Heatstroke occurs when an animal’s body overheats due to hot, humid weather conditions (environmental heatstroke) or due to strenuous physical activity (exertional heatstroke).
Florida’s high summer temperatures and high humidity are the biggest risk factors for heatstroke in our area, but certain activities such as exercising your pet when it is hot, leaving them in the car (even on cool days) or providing inadequate shade when outdoors can increase that risk further. Animals that are overweight and those with short noses (brachycephalic breeds such as the Pug, Shih Tzu, Bulldog, Pekingese, Lhasa Apso, Boston Terrier, etc.) are at particular risk for heatstroke because excess weight and brachycephalic conformation can make panting less effective which reduces an animal’s ability to cool themselves.
Heatstroke is a serious emergency that requires veterinary care. If you suspect your pet is experiencing heatstroke, bring them indoors or under shade quickly, apply cool, wet towels to their armpits and inner thighs then transport them to your vet.
The immediate signs of heatstroke include restlessness, panting, increased heart rate and drooling. As these signs progress, your pet may vomit or have diarrhea, the gums may become dark red or purple or your pet may become weak, stagger, have seizures or become unresponsive. Heatstroke can result in a very serious condition called systemic inflammatory response syndrome (SIRS) which can lead to multi-organ failure and even death. It is critical that animals with heatstroke be seen by a veterinarian as soon as signs are recognized so that aggressive treatment can be initiated.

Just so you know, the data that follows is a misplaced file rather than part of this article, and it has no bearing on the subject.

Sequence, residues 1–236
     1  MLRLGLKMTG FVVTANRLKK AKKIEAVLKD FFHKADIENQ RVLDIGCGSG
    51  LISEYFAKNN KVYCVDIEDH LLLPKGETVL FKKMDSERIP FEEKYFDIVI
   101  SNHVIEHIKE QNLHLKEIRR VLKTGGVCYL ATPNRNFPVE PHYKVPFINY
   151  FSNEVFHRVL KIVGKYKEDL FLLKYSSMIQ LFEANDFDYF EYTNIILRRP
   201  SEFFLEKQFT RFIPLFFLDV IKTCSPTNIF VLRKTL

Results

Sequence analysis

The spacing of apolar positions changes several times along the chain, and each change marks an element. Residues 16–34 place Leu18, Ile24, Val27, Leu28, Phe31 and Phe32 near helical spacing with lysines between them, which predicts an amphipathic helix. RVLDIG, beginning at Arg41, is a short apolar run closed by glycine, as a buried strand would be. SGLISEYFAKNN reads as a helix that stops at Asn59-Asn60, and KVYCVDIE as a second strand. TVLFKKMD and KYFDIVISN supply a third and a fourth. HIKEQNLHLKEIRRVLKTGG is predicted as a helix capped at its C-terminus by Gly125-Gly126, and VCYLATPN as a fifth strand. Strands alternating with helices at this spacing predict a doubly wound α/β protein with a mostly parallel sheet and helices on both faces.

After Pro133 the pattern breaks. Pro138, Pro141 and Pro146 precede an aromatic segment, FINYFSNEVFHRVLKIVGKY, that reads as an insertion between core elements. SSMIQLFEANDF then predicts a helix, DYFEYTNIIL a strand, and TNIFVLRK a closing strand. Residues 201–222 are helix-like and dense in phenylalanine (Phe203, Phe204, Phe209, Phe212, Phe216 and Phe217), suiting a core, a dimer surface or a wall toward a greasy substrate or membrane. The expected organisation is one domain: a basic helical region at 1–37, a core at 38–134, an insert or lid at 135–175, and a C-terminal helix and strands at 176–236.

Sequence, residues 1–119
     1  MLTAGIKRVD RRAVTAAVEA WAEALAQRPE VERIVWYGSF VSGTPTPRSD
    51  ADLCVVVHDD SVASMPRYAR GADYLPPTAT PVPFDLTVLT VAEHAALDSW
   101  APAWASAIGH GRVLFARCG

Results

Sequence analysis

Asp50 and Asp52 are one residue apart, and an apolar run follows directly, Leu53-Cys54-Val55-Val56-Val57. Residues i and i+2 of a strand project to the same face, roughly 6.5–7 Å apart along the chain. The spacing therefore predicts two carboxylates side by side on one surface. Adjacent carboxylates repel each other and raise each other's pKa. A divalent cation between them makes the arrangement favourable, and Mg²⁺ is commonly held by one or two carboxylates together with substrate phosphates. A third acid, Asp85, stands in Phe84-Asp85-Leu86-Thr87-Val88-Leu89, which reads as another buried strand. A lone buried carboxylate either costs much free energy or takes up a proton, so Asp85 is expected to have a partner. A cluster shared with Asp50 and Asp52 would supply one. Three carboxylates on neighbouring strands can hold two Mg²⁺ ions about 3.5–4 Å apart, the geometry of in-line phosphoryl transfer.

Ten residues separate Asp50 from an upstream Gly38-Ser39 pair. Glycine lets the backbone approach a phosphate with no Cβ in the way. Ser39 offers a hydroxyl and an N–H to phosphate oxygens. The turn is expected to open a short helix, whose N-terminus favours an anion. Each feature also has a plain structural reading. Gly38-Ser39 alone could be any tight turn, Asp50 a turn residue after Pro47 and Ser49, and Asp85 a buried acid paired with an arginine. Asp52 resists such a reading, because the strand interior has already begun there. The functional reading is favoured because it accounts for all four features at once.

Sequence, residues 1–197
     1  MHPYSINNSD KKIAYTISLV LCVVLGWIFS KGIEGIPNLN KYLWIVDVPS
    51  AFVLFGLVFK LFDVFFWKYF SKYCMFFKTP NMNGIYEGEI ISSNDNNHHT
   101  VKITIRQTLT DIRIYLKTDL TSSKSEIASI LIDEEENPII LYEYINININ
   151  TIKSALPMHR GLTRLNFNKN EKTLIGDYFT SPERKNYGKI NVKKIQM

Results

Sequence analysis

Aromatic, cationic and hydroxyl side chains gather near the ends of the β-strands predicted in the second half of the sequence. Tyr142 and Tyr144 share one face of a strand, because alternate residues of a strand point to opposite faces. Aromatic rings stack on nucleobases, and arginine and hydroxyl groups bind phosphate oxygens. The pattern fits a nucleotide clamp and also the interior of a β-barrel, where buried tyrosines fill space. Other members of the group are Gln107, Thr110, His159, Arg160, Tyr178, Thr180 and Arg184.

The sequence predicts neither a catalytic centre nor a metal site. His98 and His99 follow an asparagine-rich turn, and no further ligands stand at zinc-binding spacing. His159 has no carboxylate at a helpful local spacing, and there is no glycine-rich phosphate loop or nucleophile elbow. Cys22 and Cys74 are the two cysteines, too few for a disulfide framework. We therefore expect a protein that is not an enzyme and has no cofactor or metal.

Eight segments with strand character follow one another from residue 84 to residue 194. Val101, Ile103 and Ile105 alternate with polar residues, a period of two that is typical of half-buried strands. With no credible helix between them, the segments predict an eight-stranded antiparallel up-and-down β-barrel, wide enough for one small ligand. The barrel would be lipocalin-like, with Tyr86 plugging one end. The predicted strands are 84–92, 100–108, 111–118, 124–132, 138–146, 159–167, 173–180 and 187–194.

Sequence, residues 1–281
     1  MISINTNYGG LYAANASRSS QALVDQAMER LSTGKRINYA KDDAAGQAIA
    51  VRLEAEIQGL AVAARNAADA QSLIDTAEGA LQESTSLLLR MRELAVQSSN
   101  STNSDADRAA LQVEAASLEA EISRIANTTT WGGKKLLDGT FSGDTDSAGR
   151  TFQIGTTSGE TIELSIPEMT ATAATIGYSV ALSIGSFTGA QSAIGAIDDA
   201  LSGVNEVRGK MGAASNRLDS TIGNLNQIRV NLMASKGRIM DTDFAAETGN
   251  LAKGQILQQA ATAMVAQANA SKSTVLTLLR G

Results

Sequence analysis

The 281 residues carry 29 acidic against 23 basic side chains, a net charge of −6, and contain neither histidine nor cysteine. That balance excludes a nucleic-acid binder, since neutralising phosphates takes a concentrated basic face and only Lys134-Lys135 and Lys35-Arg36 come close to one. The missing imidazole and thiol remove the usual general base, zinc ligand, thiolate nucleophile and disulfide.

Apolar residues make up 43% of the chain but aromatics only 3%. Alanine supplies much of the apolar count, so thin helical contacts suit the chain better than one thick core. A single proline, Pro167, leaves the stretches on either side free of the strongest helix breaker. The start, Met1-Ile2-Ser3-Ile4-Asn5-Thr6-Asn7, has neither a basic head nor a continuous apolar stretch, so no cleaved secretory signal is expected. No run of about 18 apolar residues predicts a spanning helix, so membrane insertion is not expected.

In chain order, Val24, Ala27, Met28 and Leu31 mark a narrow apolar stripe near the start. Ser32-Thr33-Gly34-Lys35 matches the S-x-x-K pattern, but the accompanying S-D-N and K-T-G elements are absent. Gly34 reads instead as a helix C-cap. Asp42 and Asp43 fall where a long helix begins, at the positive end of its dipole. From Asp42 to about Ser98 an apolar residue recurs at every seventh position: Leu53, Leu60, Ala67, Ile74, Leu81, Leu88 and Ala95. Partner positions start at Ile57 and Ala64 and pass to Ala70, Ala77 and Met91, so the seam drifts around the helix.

The easiest way to avoid heatstroke is to keep your pet indoors when it is hot and to avoid over-exercising them, particularly during peak temperature times. If your pet does experience heatstroke, recognizing the signs, initiating cooling, then getting them to your vet quickly, will give them the best chance for survival and complete recovery.
A brief summary of the important points discussed in this article can be found below, or for more information about heatstroke or any other pet-related topic, contact Palm City Animal Medical Center at (772) 283-0920.
- Excessive panting and increased heart rate.
- Excessive drooling.
- Vomiting and diarrhea.
- Dark red, purple or blue gums.
- Weakness, staggering and/or seizures.
- Unresponsiveness or coma.
- Keep your pet inside during peak temperature times.
- Exercise your pet when it is cool (early morning and late evening).
- Provide shade for your pet when outside, even if it doesn’t seem very hot.
- Bring fresh water with you if you take your pet to a park or to the beach.
- Do not leave your pet in the car at any time, even on cool days.
- Move them inside or under shade.
- Apply cool, wet towels to the armpits and inside thighs.
- Point a fan at them, if available.
- Seek veterinary care immediately. Heat stroke is a life-threatening emergency.
Established in 1981, Palm City Animal Medical Center is dedicated to providing the best possible care for your pets. With focuses on compassionate care in surgery, physical therapy and rehabilitation, preventative medicine, extensive diagnostics, and emergency service, Palm City Animal Medical Center combine exceptional medical care with a caring philosophy for pets and their owners. For more information, call 772-283-0920, visit www.palmcityanimalmedicalcenter.com or find us on Facebook at www.facebook.com/PalmCityAnimalClinic
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